• Company Goals: 
  • Product Goals:
  • Define a criteria
  • Score the problems
  • Identify enough customer development partners
  • Constantly Re-evaluate
671 Views
Pavan Kumar
Pavan Kumar
Gainsight Group Product ManagerJune 28

I typically take the following into consideration for prioritising (in no particular order):

  • Assess impact: Evaluate the magnitude and consequences of each problem.

  • Align with business objectives: Prioritize problems that align with strategic goals.

  • Evaluate urgency: Consider the severity and time sensitivity of each problem.

  • Consider feasibility: Assess the resources and complexity required to address each problem.

  • User feedback and demand: Give priority to problems frequently reported by users.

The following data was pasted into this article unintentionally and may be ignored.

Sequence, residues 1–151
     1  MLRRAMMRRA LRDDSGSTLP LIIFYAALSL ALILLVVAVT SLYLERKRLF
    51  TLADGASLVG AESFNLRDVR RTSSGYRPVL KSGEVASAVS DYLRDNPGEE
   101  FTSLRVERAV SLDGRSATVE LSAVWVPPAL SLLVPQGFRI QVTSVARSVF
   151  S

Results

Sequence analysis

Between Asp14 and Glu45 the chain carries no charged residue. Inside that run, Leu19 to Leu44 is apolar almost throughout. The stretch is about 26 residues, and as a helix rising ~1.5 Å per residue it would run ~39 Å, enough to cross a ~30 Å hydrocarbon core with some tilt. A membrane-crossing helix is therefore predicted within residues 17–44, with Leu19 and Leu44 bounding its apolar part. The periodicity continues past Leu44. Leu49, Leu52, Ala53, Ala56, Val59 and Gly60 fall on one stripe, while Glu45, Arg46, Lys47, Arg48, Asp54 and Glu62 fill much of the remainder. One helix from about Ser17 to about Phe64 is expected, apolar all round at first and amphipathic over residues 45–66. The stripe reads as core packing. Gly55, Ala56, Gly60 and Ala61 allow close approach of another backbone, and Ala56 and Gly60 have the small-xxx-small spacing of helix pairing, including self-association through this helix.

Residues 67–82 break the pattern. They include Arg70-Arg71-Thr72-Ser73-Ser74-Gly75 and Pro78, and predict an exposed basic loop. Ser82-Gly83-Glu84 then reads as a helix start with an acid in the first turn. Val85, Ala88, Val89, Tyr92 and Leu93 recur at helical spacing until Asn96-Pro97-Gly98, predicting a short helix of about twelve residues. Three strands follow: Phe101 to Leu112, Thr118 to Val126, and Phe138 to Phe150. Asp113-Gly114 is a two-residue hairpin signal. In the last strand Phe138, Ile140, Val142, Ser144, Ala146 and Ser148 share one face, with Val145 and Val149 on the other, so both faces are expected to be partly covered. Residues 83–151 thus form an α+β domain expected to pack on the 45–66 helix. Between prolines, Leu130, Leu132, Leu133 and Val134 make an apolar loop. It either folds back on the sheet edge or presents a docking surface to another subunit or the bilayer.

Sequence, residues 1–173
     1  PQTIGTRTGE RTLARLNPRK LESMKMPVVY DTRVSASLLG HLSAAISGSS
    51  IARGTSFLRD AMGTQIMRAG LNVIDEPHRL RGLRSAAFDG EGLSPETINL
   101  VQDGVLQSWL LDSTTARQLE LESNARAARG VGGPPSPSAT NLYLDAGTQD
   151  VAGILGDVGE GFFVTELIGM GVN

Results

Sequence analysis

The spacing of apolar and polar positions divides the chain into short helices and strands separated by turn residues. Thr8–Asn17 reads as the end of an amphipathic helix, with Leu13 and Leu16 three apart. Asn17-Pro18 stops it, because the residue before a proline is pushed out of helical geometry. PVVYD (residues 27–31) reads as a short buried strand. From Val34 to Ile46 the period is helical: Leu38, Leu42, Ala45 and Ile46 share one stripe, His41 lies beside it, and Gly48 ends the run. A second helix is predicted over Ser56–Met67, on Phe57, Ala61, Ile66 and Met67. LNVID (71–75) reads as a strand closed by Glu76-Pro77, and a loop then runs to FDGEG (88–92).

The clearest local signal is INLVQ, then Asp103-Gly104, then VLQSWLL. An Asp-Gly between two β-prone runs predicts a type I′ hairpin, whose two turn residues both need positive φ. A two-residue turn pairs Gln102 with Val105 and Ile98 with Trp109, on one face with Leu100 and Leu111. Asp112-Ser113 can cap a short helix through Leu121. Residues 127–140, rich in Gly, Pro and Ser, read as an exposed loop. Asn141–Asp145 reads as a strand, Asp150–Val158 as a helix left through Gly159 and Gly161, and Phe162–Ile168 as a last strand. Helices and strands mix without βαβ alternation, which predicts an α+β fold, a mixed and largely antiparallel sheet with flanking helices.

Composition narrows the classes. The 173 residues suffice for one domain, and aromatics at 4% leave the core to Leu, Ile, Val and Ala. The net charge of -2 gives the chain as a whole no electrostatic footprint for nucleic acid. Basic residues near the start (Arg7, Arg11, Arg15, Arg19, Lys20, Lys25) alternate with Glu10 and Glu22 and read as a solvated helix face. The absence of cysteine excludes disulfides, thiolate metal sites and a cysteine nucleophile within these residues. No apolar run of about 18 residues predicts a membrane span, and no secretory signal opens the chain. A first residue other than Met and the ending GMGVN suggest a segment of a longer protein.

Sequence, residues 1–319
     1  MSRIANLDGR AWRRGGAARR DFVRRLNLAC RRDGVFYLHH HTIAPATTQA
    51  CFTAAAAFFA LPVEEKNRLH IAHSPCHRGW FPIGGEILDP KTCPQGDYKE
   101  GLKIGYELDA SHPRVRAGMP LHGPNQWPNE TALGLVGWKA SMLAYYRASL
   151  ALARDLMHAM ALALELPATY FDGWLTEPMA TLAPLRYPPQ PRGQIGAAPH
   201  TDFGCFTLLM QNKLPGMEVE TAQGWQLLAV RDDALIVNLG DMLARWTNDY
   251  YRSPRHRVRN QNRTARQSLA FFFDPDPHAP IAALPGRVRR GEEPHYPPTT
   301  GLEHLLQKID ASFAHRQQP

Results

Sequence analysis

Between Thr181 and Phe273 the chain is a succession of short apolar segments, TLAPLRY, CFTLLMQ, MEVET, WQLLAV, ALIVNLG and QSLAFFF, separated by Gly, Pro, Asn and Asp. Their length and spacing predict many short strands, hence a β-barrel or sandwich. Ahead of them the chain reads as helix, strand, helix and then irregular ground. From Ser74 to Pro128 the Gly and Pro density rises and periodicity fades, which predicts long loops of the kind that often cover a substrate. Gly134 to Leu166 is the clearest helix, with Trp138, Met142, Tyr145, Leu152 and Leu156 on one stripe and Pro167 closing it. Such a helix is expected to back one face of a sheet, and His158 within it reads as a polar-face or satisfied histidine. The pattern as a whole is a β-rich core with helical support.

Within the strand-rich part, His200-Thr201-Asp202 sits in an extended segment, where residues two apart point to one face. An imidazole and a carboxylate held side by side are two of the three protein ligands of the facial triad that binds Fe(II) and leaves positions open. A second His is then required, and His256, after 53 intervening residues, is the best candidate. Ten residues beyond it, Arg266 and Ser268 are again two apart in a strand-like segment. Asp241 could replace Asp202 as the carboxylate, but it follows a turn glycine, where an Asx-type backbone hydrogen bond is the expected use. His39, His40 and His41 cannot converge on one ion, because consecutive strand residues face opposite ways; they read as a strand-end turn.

• ROI considerations: Assess the value and potential return on investment for solving each problem.

  • Evaluate dependencies: Consider if solving one problem is a prerequisite for others.

    The final prioritisation score is a weighted average of all the above. Having said that, its important to adopt an iterative approach: Continuously reassess and reprioritize as new information becomes available.

410 Views
Sharad Goel
Sharad Goel
Homebase VP Product & DesignAugust 2

It depends on the product outcomes you are looking to drive based on your company goals. For e.g. if your NPS is really low then understand what is causing that NPS to be low and prioritize those. If your customers are churning then figure out why and prioritize that. If you have a lot of great capabilities but you are not making money then figure out whether you need to invest in repackaging and pricing.

Every company has come combination of customer growth, retention, and monetization investment. The key is to align with your leadership on the goals to be hit for each of those and then creating a product roadmap that helps you deliver those.

Outside of these you will always have things to improve quality (via bugs).

370 Views